378 Evolved Dialogue System

I’ve talked about dialogue in the past, multiple times. It can play so many critical and different roles across various game genres, but since I’ve been playing a fair amount of Fallout 4 recently, I’ve been thinking about it in relation to open world games specifically.

In Fallout 4, dynamic dialogue certainly gets an upgrade from its predecessor (Fallout 3…) and in some ways the open world genre as a whole. NPC’s (non-player characters) react to the way you’re dressed, the actions that you’ve taken in the past (that they are aware of!), the groups you associate yourself with, and various aspects and traits of your personality. To me, it seems like a monumental task for the developers and writers, creating a game that adapts to so many different variables.

One criticism that I have of the system is repeating dialogue. Obviously this is mostly a product of the sheer scale of creating a system that can encompass so much content. However, if you think about the way we interact with the world on a daily basis, very little of it includes “repeated” dialogue. Sometimes, maybe at a coffee shop or retail store, we might hear someone use a similar phrase repeated. But otherwise, it’s rare.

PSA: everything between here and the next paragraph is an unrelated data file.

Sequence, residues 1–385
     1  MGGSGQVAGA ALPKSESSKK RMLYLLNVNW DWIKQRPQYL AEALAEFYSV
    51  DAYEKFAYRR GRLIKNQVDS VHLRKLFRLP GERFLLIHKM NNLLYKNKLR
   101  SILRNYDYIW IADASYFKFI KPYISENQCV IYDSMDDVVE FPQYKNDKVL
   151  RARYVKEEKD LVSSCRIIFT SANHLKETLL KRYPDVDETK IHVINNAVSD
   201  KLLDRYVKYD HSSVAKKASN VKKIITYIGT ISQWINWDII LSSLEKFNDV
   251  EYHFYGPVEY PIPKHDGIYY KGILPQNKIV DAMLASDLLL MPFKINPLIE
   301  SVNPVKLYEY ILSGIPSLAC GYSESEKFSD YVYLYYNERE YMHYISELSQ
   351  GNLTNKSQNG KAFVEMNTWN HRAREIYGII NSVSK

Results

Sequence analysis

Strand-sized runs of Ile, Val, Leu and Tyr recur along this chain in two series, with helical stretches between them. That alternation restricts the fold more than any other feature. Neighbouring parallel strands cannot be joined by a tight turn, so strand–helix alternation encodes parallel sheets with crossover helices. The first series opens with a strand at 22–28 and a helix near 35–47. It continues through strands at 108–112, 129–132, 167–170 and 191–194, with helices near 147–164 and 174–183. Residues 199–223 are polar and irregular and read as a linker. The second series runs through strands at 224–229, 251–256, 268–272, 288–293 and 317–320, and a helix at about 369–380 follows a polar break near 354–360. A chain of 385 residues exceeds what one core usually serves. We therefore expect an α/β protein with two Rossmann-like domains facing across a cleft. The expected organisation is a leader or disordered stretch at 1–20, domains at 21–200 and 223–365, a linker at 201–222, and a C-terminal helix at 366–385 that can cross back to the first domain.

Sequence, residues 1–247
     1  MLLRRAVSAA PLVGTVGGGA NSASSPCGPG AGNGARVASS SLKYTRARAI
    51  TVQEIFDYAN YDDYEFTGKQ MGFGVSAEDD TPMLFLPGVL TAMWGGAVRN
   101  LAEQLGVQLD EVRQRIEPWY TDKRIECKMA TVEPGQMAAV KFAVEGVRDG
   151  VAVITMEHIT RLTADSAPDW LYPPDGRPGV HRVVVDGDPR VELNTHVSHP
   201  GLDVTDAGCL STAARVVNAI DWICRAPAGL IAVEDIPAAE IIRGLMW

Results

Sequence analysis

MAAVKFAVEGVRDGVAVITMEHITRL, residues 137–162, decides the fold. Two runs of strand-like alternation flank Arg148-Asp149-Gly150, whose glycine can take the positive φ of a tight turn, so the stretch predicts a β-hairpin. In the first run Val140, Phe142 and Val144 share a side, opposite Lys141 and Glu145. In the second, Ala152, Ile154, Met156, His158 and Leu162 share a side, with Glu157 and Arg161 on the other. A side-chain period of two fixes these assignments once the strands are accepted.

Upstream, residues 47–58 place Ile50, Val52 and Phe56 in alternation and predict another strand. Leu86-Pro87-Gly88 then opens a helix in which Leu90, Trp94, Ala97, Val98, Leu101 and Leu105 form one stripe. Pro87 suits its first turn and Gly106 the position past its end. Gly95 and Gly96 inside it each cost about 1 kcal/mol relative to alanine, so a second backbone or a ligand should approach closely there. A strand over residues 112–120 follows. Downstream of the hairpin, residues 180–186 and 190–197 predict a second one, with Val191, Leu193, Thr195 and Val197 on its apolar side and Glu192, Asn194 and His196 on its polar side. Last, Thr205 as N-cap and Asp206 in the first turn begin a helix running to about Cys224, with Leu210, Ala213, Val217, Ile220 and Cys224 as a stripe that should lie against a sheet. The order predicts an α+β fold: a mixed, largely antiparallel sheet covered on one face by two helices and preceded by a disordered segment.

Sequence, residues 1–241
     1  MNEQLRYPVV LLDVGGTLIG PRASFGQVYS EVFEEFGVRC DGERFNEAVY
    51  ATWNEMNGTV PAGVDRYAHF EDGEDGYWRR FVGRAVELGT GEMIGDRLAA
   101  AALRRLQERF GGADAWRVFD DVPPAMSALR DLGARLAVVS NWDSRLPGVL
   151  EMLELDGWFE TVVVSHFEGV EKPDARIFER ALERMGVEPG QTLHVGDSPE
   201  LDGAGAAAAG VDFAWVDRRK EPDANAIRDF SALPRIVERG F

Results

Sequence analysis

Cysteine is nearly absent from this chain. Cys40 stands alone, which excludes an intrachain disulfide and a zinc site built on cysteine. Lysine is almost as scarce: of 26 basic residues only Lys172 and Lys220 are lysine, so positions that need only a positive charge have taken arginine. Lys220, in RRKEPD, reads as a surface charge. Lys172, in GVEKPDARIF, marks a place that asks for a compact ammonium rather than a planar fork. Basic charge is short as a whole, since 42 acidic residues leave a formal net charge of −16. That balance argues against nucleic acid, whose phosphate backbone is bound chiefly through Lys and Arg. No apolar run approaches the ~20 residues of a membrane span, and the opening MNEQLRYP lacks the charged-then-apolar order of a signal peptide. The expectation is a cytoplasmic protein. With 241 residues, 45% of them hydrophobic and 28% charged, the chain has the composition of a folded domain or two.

The solution might be simple, though. The game instead tracks when an NPC says a line of casual dialogue, and notes when the player was in earshot of it. Then, Instead of repeating dialogue later, the system counts that line of dialogue as “listened,” and withholds additional dialogue until later in the game. Essentially, it’s spreading out the dialogue over time. Obviously, it can’t ever be known for certain whether the player actually heard the dialogue (they may have their sound too low, or off completely, or may not have been paying attention), but I even have a solution for that.

An example: certainly the same character that’s lived in my main settlement the entire game shouldn’t be still saying the same phrase about how nervous they are to move in here, after months and months of in-game time has passed. That dialogue should be disabled in the character after some amount of time has passed, and different lines used. It seems like it would be a lot of extra work for the developers and writers, but I think that it’d be worth it. I’d certainly much rather always here unique lines from NPCs at the cost of hearing less dialogue in general, than to have more dialogue with repeated lines.

[ Today I Was Playing: Fallout 4 ]

January 13, 2016

#game-opinion